150 Years Ago This Week in the Civil War

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By Lisa Greenhouse

Bullying, bed bugs, disputed elections, prisoners held without Habeas Corpus, warnings that the End Times are near at hand: these things sound like the stuff of contemporary newspaper headlines, but they are really the subjects of 150-year-old articles published during the Civil War.

Librarians in the Periodicals Department have been posting articles like these from the Pratt historical newspaper collection to the 150 Years Ago This Week in the Civil War blog every week since April 13, 2011, and will continue until April, 2015, exactly 150 years after the end of the Civil War.

"Baltimore: Made an Abode for Owls and Satyrs"Students exploring the blog might be surprised by the similarities they find between the Civil War era and our era. They will also find big differences, the existence of chattel slavery perhaps being the greatest.

It was once rare for secondary school students to have access to historical newspapers. Access involved a trip to the historical society and the time-consuming use of cumbersome microfilm machines. As the 150th anniversary of the Civil War approached in 2011, we realized that we had the resources to make rich original material from historical newspapers easily available to students and researchers online.

Sean McGuire and Teresa Duggan from the Library’s Web Department designed and set up the technical framework for the blog as a stylized repository for years of weekly historical scans. Readers can search the articles in a variety of categories and read them using a high-res zoom tool. The design uses some elements from our historical collections and online displays on the Maryland Digital Cultural Heritage (MDCH) website.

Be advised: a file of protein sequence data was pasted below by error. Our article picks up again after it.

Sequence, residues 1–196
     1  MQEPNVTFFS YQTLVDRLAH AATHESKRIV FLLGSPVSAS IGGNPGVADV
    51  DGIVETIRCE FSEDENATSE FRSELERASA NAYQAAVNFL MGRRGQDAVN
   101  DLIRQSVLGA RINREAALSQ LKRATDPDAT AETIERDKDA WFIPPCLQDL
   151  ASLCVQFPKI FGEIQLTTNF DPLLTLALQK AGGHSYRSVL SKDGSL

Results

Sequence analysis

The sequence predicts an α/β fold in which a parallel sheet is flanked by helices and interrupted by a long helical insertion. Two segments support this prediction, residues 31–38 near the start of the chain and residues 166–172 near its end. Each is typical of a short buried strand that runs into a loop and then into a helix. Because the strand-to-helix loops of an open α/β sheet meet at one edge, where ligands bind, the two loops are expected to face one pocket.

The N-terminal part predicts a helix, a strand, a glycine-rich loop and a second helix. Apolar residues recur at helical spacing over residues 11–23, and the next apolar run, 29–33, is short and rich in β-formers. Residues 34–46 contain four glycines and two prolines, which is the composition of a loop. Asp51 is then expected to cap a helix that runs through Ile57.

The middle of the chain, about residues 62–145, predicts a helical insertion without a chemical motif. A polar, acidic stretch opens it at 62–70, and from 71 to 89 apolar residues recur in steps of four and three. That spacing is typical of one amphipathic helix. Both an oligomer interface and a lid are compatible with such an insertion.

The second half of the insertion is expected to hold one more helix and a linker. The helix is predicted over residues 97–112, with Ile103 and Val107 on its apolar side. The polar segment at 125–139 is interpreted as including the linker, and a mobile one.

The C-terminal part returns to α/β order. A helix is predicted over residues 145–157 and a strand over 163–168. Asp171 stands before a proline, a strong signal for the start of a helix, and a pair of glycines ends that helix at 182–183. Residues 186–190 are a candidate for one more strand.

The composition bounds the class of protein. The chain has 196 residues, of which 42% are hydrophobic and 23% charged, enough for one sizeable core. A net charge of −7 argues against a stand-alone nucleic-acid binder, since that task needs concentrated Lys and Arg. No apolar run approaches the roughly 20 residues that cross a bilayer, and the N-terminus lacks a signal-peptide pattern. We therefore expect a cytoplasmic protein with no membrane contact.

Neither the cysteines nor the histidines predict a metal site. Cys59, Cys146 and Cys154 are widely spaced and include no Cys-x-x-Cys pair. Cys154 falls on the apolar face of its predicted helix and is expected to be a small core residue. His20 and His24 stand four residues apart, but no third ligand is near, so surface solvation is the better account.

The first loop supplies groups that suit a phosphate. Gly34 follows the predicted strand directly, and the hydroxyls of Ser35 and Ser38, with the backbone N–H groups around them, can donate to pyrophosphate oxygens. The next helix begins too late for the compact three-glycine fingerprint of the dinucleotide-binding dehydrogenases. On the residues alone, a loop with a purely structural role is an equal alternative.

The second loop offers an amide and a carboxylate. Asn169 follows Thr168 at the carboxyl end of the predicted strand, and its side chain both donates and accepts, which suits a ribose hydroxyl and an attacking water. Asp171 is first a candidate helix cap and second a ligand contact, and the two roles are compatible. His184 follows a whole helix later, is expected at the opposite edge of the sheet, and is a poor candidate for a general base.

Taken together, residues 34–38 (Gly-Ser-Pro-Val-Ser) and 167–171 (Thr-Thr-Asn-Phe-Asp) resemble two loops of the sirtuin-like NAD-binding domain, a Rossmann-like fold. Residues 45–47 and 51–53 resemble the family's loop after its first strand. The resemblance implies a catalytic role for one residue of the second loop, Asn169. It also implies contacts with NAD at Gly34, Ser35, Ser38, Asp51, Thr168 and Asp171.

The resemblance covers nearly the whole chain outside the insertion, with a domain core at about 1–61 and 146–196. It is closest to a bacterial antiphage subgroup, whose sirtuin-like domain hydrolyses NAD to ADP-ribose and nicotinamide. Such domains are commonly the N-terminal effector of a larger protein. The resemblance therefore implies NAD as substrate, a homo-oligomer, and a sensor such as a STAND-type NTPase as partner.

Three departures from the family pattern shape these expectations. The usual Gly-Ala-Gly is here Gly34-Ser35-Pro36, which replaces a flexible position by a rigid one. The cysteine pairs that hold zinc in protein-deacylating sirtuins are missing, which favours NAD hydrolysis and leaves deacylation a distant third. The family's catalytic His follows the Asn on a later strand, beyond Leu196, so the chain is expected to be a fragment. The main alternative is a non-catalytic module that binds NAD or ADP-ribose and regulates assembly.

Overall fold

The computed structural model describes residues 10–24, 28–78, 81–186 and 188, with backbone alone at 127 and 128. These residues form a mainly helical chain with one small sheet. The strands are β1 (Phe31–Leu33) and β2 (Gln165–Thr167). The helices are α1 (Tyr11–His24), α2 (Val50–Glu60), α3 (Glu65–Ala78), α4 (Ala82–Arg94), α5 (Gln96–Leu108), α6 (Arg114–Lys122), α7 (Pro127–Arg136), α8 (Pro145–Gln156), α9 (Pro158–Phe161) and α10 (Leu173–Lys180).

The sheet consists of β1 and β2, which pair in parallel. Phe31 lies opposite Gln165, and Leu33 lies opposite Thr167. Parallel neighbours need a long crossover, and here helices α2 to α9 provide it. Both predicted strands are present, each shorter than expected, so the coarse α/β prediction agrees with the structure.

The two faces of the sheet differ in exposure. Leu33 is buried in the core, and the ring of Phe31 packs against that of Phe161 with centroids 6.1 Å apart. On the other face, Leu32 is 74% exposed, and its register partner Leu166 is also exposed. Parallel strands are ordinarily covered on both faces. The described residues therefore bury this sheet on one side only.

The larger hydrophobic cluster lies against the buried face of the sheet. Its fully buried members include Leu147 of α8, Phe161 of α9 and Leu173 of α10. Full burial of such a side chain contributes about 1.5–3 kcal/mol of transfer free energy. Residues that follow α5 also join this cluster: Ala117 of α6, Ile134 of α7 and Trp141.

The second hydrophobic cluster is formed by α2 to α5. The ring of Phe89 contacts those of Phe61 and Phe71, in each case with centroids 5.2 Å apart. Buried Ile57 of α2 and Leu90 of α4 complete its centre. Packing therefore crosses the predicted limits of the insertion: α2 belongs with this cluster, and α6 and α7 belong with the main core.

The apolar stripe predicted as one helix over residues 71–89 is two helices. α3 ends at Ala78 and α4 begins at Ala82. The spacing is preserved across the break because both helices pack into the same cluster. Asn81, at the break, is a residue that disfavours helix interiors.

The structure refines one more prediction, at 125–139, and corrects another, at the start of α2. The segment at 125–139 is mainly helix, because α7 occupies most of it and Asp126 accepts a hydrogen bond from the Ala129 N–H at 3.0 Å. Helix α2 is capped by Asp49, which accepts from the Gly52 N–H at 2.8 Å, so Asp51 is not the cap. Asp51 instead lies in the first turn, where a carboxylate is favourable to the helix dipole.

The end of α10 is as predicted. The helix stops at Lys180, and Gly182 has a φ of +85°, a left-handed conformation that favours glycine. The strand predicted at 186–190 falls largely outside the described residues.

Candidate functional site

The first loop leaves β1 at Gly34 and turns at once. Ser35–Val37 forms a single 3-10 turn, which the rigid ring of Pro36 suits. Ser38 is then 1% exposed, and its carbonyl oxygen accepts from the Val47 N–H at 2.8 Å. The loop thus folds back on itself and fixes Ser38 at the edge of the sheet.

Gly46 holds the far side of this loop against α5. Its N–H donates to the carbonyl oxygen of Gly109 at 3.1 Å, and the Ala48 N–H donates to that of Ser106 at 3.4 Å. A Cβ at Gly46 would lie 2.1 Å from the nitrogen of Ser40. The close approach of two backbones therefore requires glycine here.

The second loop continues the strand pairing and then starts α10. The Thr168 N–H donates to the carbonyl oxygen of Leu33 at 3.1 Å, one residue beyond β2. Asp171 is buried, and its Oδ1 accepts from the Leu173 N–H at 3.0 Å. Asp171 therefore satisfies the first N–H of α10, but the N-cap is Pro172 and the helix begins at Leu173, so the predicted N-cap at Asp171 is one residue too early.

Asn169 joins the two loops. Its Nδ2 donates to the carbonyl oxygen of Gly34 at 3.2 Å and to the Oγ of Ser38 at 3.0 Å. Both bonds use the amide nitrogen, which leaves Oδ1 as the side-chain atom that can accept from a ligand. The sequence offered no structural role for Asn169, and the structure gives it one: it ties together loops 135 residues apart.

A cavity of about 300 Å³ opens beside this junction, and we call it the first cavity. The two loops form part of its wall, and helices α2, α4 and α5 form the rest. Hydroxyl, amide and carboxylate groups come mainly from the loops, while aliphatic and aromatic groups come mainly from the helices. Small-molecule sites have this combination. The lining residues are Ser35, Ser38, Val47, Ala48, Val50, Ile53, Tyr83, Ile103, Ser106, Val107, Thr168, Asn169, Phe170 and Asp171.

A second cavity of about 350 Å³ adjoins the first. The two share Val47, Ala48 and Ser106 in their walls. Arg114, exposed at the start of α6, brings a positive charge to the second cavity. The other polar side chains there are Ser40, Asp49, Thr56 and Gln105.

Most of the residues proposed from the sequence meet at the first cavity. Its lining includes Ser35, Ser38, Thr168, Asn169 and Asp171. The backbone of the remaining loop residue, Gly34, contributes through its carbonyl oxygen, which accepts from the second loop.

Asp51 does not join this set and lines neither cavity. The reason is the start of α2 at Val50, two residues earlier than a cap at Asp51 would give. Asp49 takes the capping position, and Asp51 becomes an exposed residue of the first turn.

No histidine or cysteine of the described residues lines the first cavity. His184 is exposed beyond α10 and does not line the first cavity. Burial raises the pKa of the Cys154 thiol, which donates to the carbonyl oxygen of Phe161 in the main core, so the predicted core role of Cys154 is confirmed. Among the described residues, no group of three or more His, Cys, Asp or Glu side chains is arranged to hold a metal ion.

The header is reminiscent of old printed broadsides, with a fibrous brown paper texture and thick, heavy lettering in the title. For example, the flags from both sides of the war act as a frame, taken from the Baltimore broadside, Volunteers to the "Melish". Between the flags you'll see a variety of Civil War images, a random one with each page view. Some of these include printed scenes from the Cator Collection of Baltimore Views, such as The Lexington of 1861 and the Invasion of Maryland, citizens of Baltimore barricading the streets, Monday evening, June 29, 1863.

from historic newspaper to microfilm to blog: 150 Years Ago this Week in the Civil WarUsing ScanPro technology to make digital scans of microfilm from the historical newspaper collection, Periodicals Department librarians build 150 Years Ago This Week in the Civil War one week at a time, entering content to reflect the war’s impact locally as it unfolded. Currently, the blog includes digitized content from 22 Civil War era newspapers from Maryland towns and cities. We choose the articles based on their relevance to life in Maryland during the war and are tagged by subject and locality. Blog readers can sort them by subject, locality, and/or date.

Some entries in the blog detail the political climate in Maryland, a state that was—more than most others—divided in its loyalties. Others portray the economic situation brought about by the war. A few articles describe the Confederate Army’s 1862 incursion into Maryland and the deadly series of battles culminating in Antietam, where Middletown, Maryland became, as the Valley Register proclaimed, one vast hospital.

Much of the blog content captures the flavor of daily life during the war. One of my favorite entries is an advertisement placed by the Maryland Institute (MICA) in the Baltimore Daily Gazette in April 1863, which invited the public to witness for only $.25 "sublime and stirring scenes" of the war via the Polopticorama, a complicated arrangement involving "extensive and intricate machinery, mechanical appliances, chemical effects and ingenious dioramic accompaniments"—and a word which, according to Google search, appears only in this article!

World War II newsreels are what we usually think of when we picture Americans coming together communally to hear news of a war via mass communications technologies. 150 Years Ago This Week in the Civil War shows us that Civil War era audiences were doing the same thing.

As librarians continue to work to keep pace with what occurred in Maryland 150 years ago, more will be revealed.

Watch a slideshow of photos from our Flickr set: "From historic newspaper to microfilm to blog: 150 Years Ago this Week in the Civil War"

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